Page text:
IRF-3 overexpression in B16 melanoma cells results in up-regulation of RANTES, IP-10, and MIP-1β mRNA expression in vivo. In A, total RNA (10 μg) was isolated from various transduced B16 tumors (mock-transduced AP2 B16, n = 7; IRF-3 B16, n = 10) and hybridized with the mCK-5 multiple probe before digestion with RNase. Separation of protected fragments was performed by 5% SDS gel electrophoresis. Fragment assignment was determined by migration of protected fragments relative to internal standards. Induction of RANTES, IP-10, and MIP-1β mRNA expression was confirmed by performing two additional RPA analyses. In B, cytokine mRNA expression levels were quantified relative to the internal control GAPDH.

Fig. 2.

IRF-3 overexpression in B16 melanoma cells results in up-regulation of RANTES, IP-10, and MIP-1β mRNA expression in vivo. In A, total RNA (10 μg) was isolated from various transduced B16 tumors (mock-transduced AP2 B16, n = 7; IRF-3 B16, n = 10) and hybridized with the mCK-5 multiple probe before digestion with RNase. Separation of protected fragments was performed by 5% SDS gel electrophoresis. Fragment assignment was determined by migration of protected fragments relative to internal standards. Induction of RANTES, IP-10, and MIP-1β mRNA expression was confirmed by performing two additional RPA analyses. In B, cytokine mRNA expression levels were quantified relative to the internal control GAPDH.

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Fig. 3.

Recruitment of lymphocytes by IRF-3-transduced B16 melanoma cells. Histograms represent the percentage of infiltrating cells within (Aand B) and at the margin (Cand D) of the B16 melanoma tumors (AP2 and IRF-3): absence of lymphocyte is indicated by (), moderate infiltration () and dense infiltration (). Eand F, histology of tumors growing s.c. from mock-transduced AP2 and IRF-3 B16 injected mice (C57BL/6) excised at day 19 (day of sacrifice). H&E stain: magnification ×100.

Fig. 3.

Recruitment of lymphocytes by IRF-3-transduced B16 melanoma cells. Histograms represent the percentage of infiltrating cells within (Aand B) and at the margin (Cand D) of the B16 melanoma tumors (AP2 and IRF-3): absence of lymphocyte is indicated by (), moderate infiltration () and dense infiltration (). Eand F, histology of tumors growing s.c. from mock-transduced AP2 and IRF-3 B16 injected mice (C57BL/6) excised at day 19 (day of sacrifice). H&E stain: magnification ×100.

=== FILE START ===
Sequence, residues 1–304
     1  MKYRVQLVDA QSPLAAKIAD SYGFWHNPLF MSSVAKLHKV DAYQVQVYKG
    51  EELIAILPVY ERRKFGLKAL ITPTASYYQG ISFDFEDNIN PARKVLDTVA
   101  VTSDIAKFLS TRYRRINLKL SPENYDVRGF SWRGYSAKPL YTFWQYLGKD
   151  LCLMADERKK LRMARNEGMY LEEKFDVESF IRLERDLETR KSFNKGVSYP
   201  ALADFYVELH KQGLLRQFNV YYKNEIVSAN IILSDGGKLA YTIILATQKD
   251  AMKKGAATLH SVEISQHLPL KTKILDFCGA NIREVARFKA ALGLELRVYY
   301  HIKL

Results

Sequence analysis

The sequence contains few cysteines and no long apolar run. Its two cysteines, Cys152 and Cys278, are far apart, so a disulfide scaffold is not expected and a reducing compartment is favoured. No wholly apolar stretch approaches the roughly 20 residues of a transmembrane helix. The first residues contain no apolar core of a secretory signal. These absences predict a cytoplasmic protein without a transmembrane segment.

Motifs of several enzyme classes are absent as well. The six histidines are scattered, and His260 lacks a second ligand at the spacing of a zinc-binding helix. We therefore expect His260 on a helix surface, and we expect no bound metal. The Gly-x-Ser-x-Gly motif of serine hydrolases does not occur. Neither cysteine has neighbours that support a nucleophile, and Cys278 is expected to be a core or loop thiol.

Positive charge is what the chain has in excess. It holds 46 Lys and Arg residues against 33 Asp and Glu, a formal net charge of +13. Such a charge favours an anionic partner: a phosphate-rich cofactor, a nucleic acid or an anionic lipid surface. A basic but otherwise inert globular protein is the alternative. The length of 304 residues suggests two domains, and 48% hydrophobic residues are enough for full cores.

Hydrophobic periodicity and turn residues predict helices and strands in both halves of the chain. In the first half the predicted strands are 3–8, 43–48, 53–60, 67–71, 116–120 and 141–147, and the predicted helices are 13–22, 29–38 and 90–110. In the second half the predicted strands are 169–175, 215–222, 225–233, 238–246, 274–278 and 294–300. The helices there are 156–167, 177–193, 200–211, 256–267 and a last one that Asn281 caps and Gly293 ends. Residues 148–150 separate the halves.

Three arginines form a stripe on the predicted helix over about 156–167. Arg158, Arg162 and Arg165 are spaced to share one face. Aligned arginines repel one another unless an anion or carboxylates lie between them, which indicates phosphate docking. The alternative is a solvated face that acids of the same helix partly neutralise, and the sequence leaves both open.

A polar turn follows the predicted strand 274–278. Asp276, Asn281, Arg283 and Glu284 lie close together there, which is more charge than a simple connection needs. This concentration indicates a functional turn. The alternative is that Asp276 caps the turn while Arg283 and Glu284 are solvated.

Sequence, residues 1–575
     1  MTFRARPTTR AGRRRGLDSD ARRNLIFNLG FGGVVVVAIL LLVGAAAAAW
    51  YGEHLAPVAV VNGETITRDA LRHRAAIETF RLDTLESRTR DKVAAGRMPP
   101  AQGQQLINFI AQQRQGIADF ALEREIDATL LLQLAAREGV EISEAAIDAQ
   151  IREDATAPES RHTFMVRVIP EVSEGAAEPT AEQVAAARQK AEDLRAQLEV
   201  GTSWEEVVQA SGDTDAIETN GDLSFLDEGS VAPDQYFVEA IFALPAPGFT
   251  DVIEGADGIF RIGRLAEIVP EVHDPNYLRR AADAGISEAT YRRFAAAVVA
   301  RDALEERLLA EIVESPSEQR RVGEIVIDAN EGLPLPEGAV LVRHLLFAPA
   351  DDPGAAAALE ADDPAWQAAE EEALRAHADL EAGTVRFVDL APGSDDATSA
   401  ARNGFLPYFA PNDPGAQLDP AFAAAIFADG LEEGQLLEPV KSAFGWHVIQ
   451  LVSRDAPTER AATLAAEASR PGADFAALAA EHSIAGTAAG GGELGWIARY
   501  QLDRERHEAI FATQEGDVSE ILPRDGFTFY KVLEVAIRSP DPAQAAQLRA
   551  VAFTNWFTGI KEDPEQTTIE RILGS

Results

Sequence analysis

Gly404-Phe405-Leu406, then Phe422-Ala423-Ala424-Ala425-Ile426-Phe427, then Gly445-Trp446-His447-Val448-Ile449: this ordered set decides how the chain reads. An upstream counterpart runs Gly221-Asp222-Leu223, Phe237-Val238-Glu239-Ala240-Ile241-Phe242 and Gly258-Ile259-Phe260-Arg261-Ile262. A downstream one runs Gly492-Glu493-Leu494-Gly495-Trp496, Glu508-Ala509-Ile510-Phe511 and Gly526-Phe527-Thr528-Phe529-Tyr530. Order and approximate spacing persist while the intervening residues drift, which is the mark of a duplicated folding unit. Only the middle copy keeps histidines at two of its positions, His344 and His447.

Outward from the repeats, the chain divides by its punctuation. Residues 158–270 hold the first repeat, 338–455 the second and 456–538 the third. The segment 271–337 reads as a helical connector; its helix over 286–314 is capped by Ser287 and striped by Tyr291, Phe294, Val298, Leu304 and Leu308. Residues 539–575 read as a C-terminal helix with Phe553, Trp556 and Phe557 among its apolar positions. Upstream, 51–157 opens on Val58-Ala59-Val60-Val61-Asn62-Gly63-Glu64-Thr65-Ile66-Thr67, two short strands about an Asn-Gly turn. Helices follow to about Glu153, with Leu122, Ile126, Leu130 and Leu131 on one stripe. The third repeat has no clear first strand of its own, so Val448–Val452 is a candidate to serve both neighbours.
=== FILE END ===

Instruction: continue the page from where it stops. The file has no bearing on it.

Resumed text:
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Fig. 4.

Kinetics of cytokine mRNA expression in IRF-3-transduced B16 melanoma cells in vitro. In A, mock-transduced AP2 and IRF-3 B16 melanoma cells were infected with Sendai virus (40 HAU), and total RNA was prepared at different times after infection (0–24 h) as indicated above the lanes. Total RNA (10 μg) was subjected to RNase protection analysis using the mCK-3b and mCK-5 probe sets. The intensity of the bands was measured using NIH Image v1.6, and GAPDH protected probes were used for normalization. In B, the fold induction of IFNβ (section B), TNFα (section C), IP-10 (section D), and IL-6 (section E) mRNA was plotted for AP-2 B16 and IRF-3 B16 cells at each time point.

Fig. 4.

Kinetics of cytokine mRNA expression in IRF-3-transduced B16 melanoma cells in vitro. In A, mock-transduced AP2 and IRF-3 B16 melanoma cells were infected with Sendai virus (40 HAU), and total RNA was prepared at different times after infection (0–24 h) as indicated above the lanes. Total RNA (10 μg) was subjected to RNase protection analysis using the mCK-3b and mCK-5 probe sets. The intensity of the bands was measured using NIH Image v1.6, and GAPDH protected probes were used for normalization. In B, the fold induction of IFNβ (section B), TNFα (section C), IP-10 (section D), and IL-6 (section E) mRNA was plotted for AP-2 B16 and IRF-3 B16 cells at each time point.

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The costs of publication of this article were defrayed in part by the payment of page charges. This article must therefore be hereby marked advertisement in accordance with 18 U.S.C. Section 1734 solely to indicate this fact.

1

Supported by grants from the Canadian Institutes for Health Research (to J. H. and J. G.) and from the CANVAC Network Centers of Excellence (to J. H.). M. J. S. was supported by a CIHR postdoctoral Fellowship and J. H. by a CIHR Senior Scientist award.

4

The abbreviations used are: IRF, IFN regulatory factor; ISG, IFN-stimulated gene; GFP, green fluorescent protein; FACS, fluorescence-activated cell sorting; SCID, severe combined immunodeficient/immunodeficiency; TNF, tumor necrosis factor.

We thank members of the Molecular Oncology Group, Lady Davis Institute, for helpful discussions.